Wednesday, January 28, 2015

NEW YORK (AP) — A New York City man who made his political name over the claim that “the rent is too damn high” may soon not have a place to live.

Jimmy McMillan says he’s facing an eviction notice that says he has to leave his rent-stabilized Manhattan apartment on St. Mark’s Place.

McMillan, who ran for governor in 2010, filed papers in federal court in Brooklyn seeking a stay of the eviction notice.

His attorney has filed with an appeals court as well, seeking a stay of the eviction order.

McMillan says his landlord wants him out to be able to charge market rent to someone else. He says he pays $ 872.96 per month.

A call to the landlord company and an email to its attorneys were not answered.
Business News on The Huffington Post

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SAN FRANCISCO (AP) — Yahoo CEO Marissa Mayer is spinning off the company’s prized stake in China’s Alibaba Group Holding in a move that will let Yahoo avoid paying billions in future taxes.

A newly formed entity called SpinCo will inherit ownership of Yahoo’s 384 million Alibaba shares when the tax-free spin-off is completed toward the end of this year.

Tuesday’s much-anticipated announcement about the management of Yahoo’s 15 percent stake in Alibaba overshadowed Yahoo’s results for the final three months of last year.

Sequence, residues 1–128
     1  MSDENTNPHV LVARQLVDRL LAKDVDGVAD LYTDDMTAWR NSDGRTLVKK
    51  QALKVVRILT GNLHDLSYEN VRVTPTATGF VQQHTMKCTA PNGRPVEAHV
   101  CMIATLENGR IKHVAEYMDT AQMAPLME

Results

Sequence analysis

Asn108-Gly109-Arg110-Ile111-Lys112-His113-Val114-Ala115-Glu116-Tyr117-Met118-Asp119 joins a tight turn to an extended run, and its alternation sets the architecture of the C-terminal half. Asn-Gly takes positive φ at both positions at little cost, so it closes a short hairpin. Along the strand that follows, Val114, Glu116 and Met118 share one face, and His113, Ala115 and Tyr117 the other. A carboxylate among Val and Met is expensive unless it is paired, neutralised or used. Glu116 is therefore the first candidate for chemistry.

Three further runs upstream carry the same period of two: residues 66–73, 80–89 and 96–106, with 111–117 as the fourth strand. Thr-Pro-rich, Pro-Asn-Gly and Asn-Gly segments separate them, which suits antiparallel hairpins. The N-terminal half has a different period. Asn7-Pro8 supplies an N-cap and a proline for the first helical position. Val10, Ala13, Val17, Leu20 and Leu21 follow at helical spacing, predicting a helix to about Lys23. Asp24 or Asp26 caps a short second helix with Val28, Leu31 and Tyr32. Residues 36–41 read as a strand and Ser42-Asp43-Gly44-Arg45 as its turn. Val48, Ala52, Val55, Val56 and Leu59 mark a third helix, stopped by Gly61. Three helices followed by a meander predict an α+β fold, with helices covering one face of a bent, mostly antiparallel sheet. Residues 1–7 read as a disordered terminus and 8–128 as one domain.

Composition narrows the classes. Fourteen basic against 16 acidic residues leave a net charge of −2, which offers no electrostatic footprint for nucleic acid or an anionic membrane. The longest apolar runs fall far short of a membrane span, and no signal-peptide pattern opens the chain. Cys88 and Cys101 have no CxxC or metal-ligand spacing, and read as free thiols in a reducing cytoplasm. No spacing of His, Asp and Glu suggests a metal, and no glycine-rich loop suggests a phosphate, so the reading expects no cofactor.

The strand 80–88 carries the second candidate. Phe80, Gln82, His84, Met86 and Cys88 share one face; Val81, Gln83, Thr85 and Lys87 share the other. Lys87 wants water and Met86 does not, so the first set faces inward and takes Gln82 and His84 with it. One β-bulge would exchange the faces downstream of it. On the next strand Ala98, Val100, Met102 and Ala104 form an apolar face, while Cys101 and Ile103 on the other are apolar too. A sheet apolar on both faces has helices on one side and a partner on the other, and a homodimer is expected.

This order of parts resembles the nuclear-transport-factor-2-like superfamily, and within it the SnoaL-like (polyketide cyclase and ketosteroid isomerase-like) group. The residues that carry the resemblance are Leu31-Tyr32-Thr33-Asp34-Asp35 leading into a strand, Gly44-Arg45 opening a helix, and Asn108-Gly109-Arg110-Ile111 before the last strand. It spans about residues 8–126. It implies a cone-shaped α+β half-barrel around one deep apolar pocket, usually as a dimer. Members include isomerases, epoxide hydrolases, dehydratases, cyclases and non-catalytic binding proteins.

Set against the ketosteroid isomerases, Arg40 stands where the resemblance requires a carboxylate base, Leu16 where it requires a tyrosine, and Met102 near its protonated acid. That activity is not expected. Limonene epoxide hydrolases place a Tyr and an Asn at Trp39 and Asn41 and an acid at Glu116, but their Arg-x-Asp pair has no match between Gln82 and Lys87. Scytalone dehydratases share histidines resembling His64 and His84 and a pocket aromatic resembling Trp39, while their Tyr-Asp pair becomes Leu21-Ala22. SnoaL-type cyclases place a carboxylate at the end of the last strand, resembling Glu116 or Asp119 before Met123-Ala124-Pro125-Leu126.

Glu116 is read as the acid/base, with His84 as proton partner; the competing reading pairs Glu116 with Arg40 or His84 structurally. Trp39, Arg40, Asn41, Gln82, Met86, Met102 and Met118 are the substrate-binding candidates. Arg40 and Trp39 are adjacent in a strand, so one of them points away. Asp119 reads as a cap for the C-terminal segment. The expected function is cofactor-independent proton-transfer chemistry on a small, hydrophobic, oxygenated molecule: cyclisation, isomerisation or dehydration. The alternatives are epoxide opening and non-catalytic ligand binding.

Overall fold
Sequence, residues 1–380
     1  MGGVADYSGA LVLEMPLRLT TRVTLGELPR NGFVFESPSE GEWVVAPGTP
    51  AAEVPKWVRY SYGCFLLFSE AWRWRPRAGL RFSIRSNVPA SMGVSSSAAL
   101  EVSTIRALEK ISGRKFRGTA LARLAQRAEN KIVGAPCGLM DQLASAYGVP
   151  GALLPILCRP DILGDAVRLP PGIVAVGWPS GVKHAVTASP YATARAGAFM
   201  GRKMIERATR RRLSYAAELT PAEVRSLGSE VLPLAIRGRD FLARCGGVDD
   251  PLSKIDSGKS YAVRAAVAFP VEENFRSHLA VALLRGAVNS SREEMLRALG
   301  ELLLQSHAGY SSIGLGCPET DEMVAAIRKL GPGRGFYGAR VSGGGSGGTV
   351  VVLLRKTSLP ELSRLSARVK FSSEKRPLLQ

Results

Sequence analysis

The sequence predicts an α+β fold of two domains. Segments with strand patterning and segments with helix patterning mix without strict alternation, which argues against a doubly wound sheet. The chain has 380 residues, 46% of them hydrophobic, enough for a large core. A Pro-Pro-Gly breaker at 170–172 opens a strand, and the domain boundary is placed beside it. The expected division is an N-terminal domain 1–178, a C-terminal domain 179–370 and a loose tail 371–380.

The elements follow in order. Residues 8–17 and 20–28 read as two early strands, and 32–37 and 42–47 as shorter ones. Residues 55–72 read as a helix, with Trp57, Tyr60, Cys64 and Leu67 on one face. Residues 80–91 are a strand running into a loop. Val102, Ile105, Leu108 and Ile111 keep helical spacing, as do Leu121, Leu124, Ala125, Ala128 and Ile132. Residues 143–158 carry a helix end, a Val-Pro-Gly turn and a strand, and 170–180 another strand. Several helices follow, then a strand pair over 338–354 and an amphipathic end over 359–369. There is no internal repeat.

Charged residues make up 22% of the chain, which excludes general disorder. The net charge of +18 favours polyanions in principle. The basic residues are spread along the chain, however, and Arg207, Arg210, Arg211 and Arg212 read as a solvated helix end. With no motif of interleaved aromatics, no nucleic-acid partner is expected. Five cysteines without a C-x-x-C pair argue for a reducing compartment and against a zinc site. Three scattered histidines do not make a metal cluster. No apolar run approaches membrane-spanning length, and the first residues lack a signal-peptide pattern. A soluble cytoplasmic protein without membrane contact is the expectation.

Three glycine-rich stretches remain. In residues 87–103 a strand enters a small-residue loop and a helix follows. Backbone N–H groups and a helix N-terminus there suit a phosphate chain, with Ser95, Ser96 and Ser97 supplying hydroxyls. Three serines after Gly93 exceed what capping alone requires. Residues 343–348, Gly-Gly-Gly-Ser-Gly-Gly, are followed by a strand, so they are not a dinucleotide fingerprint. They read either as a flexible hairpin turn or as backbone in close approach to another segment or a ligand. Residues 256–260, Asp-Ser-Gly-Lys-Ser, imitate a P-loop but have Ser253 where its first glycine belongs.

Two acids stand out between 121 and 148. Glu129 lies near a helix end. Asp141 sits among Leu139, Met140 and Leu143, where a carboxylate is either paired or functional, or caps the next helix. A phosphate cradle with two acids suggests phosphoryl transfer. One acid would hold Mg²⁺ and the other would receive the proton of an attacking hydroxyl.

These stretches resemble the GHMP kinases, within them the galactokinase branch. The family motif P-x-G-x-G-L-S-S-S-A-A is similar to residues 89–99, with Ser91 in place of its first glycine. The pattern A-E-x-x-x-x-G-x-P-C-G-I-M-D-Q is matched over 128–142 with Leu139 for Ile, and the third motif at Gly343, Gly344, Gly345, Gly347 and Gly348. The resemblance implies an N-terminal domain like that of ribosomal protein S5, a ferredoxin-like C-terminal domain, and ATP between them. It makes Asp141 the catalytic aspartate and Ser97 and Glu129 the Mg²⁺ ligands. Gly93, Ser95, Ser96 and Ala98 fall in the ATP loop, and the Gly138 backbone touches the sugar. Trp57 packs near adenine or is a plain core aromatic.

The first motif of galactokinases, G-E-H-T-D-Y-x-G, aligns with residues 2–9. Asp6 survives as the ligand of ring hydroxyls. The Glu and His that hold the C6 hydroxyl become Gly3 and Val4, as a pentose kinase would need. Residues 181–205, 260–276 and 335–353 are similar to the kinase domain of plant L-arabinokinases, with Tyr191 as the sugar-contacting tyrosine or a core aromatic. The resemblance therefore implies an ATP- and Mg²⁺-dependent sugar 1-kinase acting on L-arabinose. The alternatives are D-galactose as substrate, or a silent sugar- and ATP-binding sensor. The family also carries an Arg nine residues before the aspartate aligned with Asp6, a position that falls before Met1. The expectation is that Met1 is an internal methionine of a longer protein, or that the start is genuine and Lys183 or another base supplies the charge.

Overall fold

Yahoo’s shareholders are far more interested in Mayer’s plans for the Alibaba stake because it’s currently worth about $ 39 billion. That’s far more than the value of Yahoo’s own online services, which have been struggling to generate more revenue for the past six years.

Alibaba had its initial public offering of stock in September. The Chinese company is attractive to investors in part because most of its users visit on a smartphone or other mobile devices — important as computing shifts away from traditional laptops and desktops.

Investments in Alibaba, China’s largest e-commerce company, and Yahoo Japan are the main reason Yahoo’s stock has more than tripled since Mayer defected from Google to become Yahoo’s CEO two-and-half years ago. Yahoo is retaining its nearly 36 percent stake in Yahoo Japan.

The handling of Yahoo’s Alibaba stake is so important to shareholders that one activist investor, hedge fudge manager Jeffrey Smith of Starboard Value, has threatened to spearhead an attempt to oust Mayer if she didn’t adopt a strategy that minimizes taxes. Smith also has been pressuring Mayer to commit to returning most of any future Alibaba windfalls instead of spending the money to buy other companies — unless she embraces his call for Yahoo to merge with rival AOL Inc.

A tax-free spin-off of the Alibaba stake ranked high on Smith’s agenda.

Starboard Value did not immediately respond to a request for comment.

Other stockholders also liked Mayer’s decision. Yahoo’s stock gained $ 3.49, or more than 7 percent, to $ 51.48 in extended trading.

Tuesday’s much-anticipated announcement about the management of Yahoo’s 15 percent stake in Alibaba overshadowed Yahoo’s results for the final three months of last year.

Yahoo’s shareholders are far more interested in Mayer’s plans for the Alibaba stake because it’s currently worth about $ 39 billion. That’s far more than the value of Yahoo’s own online services, which have been struggling to generate more revenue for the past six years.
Business News on The Huffington Post

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